Sex is scarier, and more dangerous, than violence.
That was the cultural belief the Supreme Court reinforced on Monday when it rejected an attempt to ban the sale of violent video games to minors. Despite the frequent rhetorical link made by politicians and activists between sex and violence in the media, when it comes to First Amendment exemptions, sex stands entirely on its own. The majority ruling states clearly that federal obscenity law applies only to “depictions of ‘sexual conduct’” and not to scenes that are “shocking” for other reasons, like extreme violence. The Court ruled in the 1968 case of Ginsberg v. New York that states could ban the sale of sexual material to children, even if the content is not considered “obscene” for adults.
This latest ruling reveals a remarkable double standard — one that dissenting justice Stephen Breyer calls out in his written remarks. He asks:
[W]hat sense does it make to forbid selling to a 13-year-old boy a magazine with an image of a nude woman, while protecting a sale to that 13-year-old of an interactive video game in which he actively, but virtually, binds and gags the woman, then tortures and kills her? What kind of First Amendment would permit the government to protect children by restricting sales of that extremely violent video game only when the woman — bound, gagged, tortured, and killed — is also topless?
He ultimately takes this argument to a place I’m uncomfortable with, calling for more aggressive restrictions, but his basic point is well made: There is a disturbing inconsistency here.
Blogger Nilay Patel points out that the Court’s decision uses examples of gruesome scenes in “Grimm’s Fairy Tales,” “Snow White” and “Lord of the Flies” to make “a forceful case for treating video games exactly the same as any other literature or media” — but it also underscores “the incredible disparity in American societal attitudes toward sex and violence.” Because if those are valid defenses, then why aren’t depictions of nudity or other sexual content in literature also reasonable arguments against restricting the sale of sexual content to children? As Breyer argues: “For every Dante, there is an Ovid. And for all the teenagers who have read the original versions of Grimm’s Fairy Tales, I suspect there are those who know the story of Lady Godiva.”
What it really comes down to is that, as Justice Samuel Alito wrote, “For better or worse, our society has long regarded many depictions of killing and maiming as suitable features of popular entertainment, including entertainment that is widely available to minors.” Killing and maiming? Bring it on! But nudity or “sexual conduct”? Good heavens no — we are a civilized people. This attitude pervades our culture, as Adam Cohen writes in Time magazine: “The court’s tougher line on sex parallels the movie industry’s voluntary ratings system, which is much quicker to give a rare NC-17 rating for sex than for violence — but the industry has not done much to explain its double standard, either.”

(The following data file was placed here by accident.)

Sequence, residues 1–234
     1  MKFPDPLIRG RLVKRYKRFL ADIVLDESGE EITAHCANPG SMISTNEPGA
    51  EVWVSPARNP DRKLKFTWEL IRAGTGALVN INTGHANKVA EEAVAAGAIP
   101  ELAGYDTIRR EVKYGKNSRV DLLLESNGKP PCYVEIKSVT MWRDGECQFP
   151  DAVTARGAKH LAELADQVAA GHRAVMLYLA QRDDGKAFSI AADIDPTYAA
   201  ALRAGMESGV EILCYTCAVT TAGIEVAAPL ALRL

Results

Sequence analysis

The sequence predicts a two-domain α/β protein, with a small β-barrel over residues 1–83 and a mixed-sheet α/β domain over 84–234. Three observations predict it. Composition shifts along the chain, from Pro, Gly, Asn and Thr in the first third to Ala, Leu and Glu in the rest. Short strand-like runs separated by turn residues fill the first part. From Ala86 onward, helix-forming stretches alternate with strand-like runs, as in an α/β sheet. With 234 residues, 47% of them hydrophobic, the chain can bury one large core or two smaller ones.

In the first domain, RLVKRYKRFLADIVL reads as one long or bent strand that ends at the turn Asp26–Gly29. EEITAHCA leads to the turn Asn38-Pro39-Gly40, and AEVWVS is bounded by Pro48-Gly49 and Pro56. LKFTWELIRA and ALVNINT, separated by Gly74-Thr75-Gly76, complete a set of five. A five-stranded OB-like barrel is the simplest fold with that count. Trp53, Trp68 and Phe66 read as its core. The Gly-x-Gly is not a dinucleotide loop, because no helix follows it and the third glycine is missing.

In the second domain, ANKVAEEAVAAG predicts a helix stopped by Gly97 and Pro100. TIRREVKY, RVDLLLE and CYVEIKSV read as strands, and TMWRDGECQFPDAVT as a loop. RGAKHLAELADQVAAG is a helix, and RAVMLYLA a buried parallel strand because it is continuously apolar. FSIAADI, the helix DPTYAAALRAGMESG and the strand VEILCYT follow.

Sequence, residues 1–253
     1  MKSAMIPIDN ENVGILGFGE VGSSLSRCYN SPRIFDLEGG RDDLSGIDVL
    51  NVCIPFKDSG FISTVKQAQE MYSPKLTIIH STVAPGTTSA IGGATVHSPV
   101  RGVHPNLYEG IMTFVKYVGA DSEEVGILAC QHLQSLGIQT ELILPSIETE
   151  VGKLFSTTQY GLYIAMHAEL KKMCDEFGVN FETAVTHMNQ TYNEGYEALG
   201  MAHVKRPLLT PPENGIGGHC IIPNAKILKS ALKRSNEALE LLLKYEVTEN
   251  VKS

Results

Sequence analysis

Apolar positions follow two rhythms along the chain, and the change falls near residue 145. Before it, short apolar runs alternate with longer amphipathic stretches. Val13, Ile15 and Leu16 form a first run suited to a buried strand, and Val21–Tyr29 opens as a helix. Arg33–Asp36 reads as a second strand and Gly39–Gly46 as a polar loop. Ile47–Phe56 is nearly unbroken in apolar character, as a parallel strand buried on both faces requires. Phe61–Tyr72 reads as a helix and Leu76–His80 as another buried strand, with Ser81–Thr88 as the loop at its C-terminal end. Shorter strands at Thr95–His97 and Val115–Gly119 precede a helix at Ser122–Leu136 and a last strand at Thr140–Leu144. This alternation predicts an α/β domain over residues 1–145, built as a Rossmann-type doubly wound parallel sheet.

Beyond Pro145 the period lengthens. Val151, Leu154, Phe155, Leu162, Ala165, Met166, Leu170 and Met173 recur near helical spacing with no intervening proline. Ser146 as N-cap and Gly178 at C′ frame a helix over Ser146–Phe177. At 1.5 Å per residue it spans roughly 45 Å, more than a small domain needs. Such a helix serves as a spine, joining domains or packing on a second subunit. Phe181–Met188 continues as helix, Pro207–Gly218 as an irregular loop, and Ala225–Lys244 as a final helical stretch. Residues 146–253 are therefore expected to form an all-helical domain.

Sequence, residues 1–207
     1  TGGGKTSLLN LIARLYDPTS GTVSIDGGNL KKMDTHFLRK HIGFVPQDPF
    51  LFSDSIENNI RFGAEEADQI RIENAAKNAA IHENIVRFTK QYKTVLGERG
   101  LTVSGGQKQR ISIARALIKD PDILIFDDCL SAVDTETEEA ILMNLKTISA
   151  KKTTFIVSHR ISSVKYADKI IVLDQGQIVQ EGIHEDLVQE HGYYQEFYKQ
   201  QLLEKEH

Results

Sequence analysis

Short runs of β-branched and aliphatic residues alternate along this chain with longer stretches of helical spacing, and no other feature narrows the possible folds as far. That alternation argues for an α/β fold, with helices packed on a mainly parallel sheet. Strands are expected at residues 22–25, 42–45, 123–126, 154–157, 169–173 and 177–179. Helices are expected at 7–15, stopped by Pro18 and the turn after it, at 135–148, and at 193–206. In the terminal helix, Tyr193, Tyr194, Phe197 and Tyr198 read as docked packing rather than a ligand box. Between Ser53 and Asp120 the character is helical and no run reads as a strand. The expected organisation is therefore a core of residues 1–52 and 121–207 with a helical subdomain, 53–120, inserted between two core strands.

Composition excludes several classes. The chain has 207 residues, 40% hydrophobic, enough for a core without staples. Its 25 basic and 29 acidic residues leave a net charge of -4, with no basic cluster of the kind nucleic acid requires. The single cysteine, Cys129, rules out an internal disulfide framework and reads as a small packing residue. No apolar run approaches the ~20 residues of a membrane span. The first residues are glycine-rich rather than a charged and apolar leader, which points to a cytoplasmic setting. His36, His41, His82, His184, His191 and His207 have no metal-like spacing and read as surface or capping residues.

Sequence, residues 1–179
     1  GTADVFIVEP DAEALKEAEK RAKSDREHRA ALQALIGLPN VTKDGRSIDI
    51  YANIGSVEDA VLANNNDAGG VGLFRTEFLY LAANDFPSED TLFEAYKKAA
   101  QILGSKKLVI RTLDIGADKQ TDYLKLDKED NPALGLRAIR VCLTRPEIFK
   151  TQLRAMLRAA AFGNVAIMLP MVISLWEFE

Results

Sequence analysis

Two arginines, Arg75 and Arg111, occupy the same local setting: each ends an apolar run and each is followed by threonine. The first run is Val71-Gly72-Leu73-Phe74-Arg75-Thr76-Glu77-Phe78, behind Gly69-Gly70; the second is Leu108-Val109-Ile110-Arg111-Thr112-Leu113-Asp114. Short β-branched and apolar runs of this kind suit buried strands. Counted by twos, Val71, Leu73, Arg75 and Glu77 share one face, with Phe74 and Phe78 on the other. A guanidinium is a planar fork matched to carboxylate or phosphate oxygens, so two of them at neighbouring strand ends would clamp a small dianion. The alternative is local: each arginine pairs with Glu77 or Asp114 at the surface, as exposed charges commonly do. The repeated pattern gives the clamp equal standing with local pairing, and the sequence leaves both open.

Regardless of your feelings on this particular case, the culture-wide acceptance of violence over sex deserves some critical attention. It’s no accident, at least on a primal level, that sex and violence are so often linked. Evolutionary psychologists point to the violence that can erupt between male animals during sexual competition. It’s also the case that scientists have found a neural link between the two behaviors — in mice, at least. I’m partial to the philosophical explanation: Violence is destructive and can cause death, while sex brings life (OK, it can also bring death, but I’m talking symbolism here). There are the inherent themes of dominance and submission, power and vulnerability; and then, of course, there is straight-up sexual violence.
Developmental psychologist James W. Prescott, formally of the National Institute of Child Health and Human Development, argues that there is a “preference for sexual violence over sexual pleasure in the United States.” He says, “This is reflected in our acceptance of sexually explicit films that involve violence and rape, and our rejection of sexually explicit films for pleasure only (pornography),” he says. “Apparently, sex with pleasure is immoral and unacceptable, but sex with violence and pain is moral and acceptable.”
We do love our sexy violence, don’t we? A gun-toting busty babe makes for a Hollywood blockbuster — but if all the blood, gore and cleavage was replaced by simple nudity or sex? No way — at least not until we’re behind closed doors, secretly watching it by our lonesome.
I am far from the first to suggest it, but it deserves to be said again: Our cultural blood lust is such a blatant transference of sexual shame and repression. (By the way, in a cross-cultural survey, Prescott found a strong link between “deprivation of body pleasure” — meaning physical affection that is, importantly, not explicitly sexual — and “the amount of warfare and interpersonal violence” in a society. I’m just sayin’.) Sometimes I really have to wonder who we’re most trying to protect by restricting sexual imagery.